There’s no such thing as “proof” for matters of fact about the world – anything we know about the world could be wrong, conceivably, even if it’s just the bazillion-to-one chance that we’re brains in a jar or something. But DSimon and I have been explaining why your theories just flat out don’t make sense, or giving evidence that fits our theory better than yours. If you think “but you have no proof” is going to be at all convincing, or if it means anything to derail the conversation onto marriage rights, I’m afraid you’re misunderstanding something very basic about how we roll here.
    Paying attention to evidence is so important. Anything a human thinks might be wrong – in fact, if you pick a random belief from a random human it probably is wrong. Our only hope is to constantly compare our expectations to actual things that happen. If we’re surprised, then we find out that something we believed was true might not be. Enough of that over time, and beliefs change. And if your beliefs don’t change, if there’s nothing you’d ever consider to be counter-evidence, then there’s no reason for your beliefs to have anything to do with what’s actually true. Beliefs without evidence are basically random.
    It’s as though a bowl of alphabet soup had told me I wasn’t allowed to get married.

  68. nel says

    My theories are no more proved than your theories of a non-divine big bang and Darwinian evolution, some parts of which I accept. What part of my understanding doesn’t make sense ?
    You just keep turning logic on it’s head and trying to trap me by making obscure, irrelevant points in convoluted cynicism.
    Actually you are wrong about the brain. It is not proven that brain damage ‘breaks’ the mind. Have you not understood the analogy of the broken TV set ? What about Lorber ? What about dementia sufferers recovering just before death ?
    Marriage is for procreation, at least that should be the ideal. How can a man and a man have children ?

  69. Doug Kirk says

    “How can a man and a man have children ?”

    Adoption? That was really easy…. Wonder if there’s anything else?

    “My theories are no more proved than your theories of a non-divine big bang and Darwinian evolution”

    So divine mystical zombie jews without a shred of evidence or artefacts are a MORE likely explanation for life than the combined evidence of hundreds of years of scientific inquiry? Or is it just that they are EQUALLY likely? If you think either, you should realize that you are arguing that reality is subjective.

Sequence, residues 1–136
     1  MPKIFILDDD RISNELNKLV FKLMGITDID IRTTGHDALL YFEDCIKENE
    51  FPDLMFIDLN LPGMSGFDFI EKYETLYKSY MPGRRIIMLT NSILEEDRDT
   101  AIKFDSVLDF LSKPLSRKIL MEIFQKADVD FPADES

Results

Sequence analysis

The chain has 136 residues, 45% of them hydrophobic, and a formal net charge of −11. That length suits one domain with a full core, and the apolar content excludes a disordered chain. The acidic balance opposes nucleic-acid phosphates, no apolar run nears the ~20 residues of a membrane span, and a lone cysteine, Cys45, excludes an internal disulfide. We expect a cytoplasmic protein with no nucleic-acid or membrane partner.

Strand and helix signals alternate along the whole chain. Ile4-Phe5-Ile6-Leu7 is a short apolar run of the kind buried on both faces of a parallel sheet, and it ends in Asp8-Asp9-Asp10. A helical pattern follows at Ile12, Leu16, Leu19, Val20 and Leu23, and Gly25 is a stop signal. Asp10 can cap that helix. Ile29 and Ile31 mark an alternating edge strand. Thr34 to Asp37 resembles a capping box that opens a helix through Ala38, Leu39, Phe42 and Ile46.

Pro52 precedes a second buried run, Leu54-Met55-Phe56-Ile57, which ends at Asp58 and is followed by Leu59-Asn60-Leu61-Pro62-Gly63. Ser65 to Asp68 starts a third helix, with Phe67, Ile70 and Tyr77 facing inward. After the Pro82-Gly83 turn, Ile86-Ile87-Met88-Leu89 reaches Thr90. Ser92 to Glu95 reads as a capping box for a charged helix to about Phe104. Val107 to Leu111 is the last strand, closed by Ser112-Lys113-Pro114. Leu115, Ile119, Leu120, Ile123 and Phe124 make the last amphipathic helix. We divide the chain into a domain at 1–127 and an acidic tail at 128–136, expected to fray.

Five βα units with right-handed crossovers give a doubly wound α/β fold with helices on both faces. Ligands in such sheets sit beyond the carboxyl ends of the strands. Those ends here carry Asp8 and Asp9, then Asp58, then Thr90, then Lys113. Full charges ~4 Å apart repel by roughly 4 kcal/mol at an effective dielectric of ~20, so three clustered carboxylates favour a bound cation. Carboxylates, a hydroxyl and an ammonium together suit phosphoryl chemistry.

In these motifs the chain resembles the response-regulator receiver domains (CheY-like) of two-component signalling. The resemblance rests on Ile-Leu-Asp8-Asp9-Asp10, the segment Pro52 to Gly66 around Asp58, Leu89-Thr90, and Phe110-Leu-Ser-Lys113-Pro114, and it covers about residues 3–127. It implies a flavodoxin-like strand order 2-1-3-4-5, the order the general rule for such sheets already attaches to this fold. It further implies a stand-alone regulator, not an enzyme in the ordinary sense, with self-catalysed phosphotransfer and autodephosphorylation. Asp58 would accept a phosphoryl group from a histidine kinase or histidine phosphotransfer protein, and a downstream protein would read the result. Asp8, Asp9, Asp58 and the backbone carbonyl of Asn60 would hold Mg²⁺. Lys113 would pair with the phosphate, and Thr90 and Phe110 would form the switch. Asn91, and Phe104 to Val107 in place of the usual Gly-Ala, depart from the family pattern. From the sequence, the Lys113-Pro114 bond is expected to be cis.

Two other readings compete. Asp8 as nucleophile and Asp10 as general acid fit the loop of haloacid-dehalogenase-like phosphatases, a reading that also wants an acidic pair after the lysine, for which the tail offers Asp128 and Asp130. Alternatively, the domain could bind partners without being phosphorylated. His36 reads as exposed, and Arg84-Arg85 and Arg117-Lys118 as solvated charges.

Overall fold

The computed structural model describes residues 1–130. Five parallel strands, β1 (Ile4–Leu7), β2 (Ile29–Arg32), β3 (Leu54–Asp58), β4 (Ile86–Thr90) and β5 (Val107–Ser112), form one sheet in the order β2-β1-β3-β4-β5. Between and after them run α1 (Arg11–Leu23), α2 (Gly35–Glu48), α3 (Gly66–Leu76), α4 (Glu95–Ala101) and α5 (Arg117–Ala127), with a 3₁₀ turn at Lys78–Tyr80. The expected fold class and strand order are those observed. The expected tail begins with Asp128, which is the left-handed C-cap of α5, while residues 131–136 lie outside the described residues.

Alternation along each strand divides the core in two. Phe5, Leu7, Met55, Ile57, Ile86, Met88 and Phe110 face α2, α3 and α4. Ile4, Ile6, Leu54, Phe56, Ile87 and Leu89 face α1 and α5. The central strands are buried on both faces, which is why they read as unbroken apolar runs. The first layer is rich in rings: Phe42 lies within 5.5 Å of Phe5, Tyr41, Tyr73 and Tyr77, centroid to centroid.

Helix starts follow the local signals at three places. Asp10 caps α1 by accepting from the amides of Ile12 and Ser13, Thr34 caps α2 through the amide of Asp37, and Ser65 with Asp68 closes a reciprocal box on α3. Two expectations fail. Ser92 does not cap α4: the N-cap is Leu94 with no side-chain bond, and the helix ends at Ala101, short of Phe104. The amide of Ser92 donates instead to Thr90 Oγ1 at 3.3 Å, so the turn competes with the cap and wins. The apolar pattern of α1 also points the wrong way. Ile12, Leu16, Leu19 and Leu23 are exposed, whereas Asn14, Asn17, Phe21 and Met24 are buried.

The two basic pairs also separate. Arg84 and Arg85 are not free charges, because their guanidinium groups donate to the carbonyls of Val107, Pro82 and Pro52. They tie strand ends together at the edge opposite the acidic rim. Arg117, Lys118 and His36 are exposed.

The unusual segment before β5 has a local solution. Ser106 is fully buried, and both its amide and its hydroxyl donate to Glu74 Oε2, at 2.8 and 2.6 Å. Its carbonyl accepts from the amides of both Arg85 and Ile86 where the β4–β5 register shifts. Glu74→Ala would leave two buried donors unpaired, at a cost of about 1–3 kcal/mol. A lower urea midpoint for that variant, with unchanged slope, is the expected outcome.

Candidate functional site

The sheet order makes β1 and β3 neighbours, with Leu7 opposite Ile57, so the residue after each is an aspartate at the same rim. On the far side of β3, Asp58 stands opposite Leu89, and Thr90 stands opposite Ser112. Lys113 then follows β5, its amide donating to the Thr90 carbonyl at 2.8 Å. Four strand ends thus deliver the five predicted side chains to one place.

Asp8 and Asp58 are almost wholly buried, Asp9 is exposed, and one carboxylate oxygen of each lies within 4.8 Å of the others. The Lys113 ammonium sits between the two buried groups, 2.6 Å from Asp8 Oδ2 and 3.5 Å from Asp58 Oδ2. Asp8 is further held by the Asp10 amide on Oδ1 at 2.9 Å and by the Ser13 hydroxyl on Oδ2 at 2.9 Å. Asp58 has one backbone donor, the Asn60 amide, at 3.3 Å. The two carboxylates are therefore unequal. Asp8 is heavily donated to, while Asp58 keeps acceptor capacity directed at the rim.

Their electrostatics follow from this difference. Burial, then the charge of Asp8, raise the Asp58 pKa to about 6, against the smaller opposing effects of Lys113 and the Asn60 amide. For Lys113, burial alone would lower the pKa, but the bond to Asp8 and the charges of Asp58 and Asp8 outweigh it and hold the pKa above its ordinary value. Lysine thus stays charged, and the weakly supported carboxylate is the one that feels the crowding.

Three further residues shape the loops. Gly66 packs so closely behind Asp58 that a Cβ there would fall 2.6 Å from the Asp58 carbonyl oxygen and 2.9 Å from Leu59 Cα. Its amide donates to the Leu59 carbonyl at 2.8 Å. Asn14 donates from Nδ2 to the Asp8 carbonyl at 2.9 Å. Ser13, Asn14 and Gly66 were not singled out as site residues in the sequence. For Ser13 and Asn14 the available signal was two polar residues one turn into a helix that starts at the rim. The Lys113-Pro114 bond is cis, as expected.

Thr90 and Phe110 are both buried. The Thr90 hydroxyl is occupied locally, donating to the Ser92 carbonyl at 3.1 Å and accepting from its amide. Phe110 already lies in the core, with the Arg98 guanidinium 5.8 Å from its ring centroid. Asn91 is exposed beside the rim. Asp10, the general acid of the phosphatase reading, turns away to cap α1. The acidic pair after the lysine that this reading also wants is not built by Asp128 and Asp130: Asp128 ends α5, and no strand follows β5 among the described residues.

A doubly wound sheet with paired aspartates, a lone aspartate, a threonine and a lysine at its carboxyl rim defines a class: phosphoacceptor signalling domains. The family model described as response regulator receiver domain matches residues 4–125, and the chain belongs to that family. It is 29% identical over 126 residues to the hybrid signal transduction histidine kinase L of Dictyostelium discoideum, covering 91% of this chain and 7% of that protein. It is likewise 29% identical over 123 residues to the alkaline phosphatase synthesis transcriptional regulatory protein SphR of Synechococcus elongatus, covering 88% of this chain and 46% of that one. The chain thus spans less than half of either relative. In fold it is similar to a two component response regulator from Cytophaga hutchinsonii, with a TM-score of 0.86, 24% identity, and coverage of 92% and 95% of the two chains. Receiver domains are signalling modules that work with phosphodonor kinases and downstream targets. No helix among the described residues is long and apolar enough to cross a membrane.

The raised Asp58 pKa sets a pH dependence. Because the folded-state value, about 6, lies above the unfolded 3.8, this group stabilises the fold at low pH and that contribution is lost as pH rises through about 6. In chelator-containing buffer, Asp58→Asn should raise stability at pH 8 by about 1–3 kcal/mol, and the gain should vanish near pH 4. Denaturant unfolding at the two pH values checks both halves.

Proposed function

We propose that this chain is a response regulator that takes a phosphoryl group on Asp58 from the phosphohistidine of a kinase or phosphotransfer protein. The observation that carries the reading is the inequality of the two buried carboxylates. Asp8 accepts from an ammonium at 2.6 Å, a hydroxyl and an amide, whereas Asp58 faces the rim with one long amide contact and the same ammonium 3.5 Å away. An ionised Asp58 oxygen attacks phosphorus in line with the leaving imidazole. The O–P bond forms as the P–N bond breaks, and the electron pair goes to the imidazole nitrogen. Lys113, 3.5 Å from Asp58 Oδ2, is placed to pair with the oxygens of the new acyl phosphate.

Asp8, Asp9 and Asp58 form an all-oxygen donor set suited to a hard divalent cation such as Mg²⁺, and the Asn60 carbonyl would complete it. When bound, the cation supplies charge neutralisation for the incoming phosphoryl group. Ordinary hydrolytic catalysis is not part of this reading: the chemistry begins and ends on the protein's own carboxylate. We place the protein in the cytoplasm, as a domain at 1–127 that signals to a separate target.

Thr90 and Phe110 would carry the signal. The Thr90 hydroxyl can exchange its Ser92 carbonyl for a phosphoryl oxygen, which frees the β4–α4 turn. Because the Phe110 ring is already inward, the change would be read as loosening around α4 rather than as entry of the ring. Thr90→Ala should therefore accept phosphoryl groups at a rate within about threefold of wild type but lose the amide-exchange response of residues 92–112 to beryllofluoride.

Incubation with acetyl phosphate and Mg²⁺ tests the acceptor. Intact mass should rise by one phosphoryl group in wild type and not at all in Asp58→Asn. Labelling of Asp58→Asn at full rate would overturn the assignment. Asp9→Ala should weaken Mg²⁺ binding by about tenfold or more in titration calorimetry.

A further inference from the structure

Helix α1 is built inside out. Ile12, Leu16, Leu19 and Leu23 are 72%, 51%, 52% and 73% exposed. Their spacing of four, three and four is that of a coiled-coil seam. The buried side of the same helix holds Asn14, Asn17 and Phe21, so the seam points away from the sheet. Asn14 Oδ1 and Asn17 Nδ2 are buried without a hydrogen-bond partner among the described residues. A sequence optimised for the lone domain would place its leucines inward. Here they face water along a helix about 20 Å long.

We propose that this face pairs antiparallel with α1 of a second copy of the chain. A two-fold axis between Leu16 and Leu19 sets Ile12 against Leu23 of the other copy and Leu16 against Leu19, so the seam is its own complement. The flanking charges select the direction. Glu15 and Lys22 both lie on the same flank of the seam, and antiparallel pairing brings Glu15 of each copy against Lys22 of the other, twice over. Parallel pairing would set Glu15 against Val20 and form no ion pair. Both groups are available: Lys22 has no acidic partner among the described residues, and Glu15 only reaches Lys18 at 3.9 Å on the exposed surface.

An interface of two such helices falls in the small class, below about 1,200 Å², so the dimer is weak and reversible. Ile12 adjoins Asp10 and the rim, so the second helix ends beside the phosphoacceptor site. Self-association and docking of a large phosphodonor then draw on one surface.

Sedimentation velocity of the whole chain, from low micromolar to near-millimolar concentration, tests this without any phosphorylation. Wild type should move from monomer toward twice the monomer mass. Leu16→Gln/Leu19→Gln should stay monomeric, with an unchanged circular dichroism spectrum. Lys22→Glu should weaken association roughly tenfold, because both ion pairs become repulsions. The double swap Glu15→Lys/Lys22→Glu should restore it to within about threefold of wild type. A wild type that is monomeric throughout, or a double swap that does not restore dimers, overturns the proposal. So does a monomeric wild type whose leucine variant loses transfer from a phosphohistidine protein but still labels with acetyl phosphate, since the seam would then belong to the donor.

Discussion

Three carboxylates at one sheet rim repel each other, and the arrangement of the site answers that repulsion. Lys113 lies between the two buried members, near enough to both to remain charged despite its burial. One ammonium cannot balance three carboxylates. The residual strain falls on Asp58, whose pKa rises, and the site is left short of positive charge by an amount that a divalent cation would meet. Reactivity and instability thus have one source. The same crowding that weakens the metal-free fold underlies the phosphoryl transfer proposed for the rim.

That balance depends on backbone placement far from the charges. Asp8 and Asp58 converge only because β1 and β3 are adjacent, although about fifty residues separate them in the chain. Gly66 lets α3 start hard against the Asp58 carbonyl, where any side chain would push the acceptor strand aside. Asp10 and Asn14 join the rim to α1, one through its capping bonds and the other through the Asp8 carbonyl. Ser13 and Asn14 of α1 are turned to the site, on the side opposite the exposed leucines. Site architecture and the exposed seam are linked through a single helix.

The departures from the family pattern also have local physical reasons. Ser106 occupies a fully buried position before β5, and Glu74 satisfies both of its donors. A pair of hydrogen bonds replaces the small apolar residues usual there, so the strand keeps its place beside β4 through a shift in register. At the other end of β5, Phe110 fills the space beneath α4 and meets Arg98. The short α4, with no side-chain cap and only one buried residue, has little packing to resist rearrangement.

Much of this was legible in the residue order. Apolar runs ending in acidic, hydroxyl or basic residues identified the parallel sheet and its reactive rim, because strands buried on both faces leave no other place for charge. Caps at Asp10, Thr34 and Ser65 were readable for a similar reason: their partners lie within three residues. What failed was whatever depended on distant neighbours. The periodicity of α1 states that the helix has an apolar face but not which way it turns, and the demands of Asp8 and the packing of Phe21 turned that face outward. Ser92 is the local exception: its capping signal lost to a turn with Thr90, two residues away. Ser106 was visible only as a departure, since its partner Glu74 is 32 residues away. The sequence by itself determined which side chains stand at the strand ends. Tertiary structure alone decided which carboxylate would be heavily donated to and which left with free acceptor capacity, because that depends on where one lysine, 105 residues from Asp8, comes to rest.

And if you are arguing that reality is subjective… why the hell are you arguing at all? Couldn’t you just will away our objections? Oh, I guess you did.

    “It is not proven that brain damage ‘breaks’ the mind”

    Yep, ignoring mountains of evidence collected throughout years and years for the benefit of your own conclusion. You are trying to will reality into something else… Why?

  70. DSimon says

    I ‘know’ (personally) without any doubt whatsoever that God exists because I have had personal experiences which have convinced me.

    Personal experiences can sometimes be wrong, just like any other kind of evidence.

    There comes a time in everybody’s life when the cynic retreats and one is more open to traditional explanations that although not proven, do satisfy a basic need.

    Are you saying that it’s a better idea to go with an explanation that feels good than an explanation that’s true?

    If you God haters prefer to think that nothing made the universe then I can’t help you.

    I don’t hate God any more than I hate Darth Vader. They’re both fictional characters.
    Anyways, nel, I certainly don’t have any objection to you being here and arguing for your beliefs. However, I’m pretty much done responding unless some new point gets brought up.

  71. Robert B says

    nel,
    Since you ask for relevancy, I will repeat my one most important point:
    What evidence would suggest that there is no God? What would you expect to be different in a world where God didn’t exist?
    If you can’t answer questions like these, it means you can’t tell the difference between God existing and God not existing.

  72. nel says

    Robert B,
    ….Duh, no longing for God, no such thing as love, no blue sky, humans as ugly reptiles…no christ…..no visions of heaven…how many do you want ?
    Doug Kirk,
    I don’t believe that two men should be allowed to adopt children. There…you have my opinion, sorry if it’s not up to date.

  73. nel says

    DSimon,
    What exactly has been proved true? Can you tell me some things that I may not know because since Quantum reared it’s head, it’s hard to know what to make of the universe. Why can’t there be a God ? Why are you so certain there isn’t when I’m certain there is. Am I a fool ? I don’t know anyone that thinks I am. I may be of course. Was Isaac Newton a fool for believing in God ?
    Doug Kirk,
    I don’t think you are quite up to date on consciousness/brain research. The best bet now is that the brain operates like a two way reciever transmitter.

  74. Robert B says

    Those are fine. Setting aside Christ and visions, which I don’t agree are observed in this world, we have some agreed-upon evidence that is consistent with your theory. In other words, we both agree that love exists, the sky is blue, humans are not reptiles, and (at least some) people long for God, and that these things match your theory.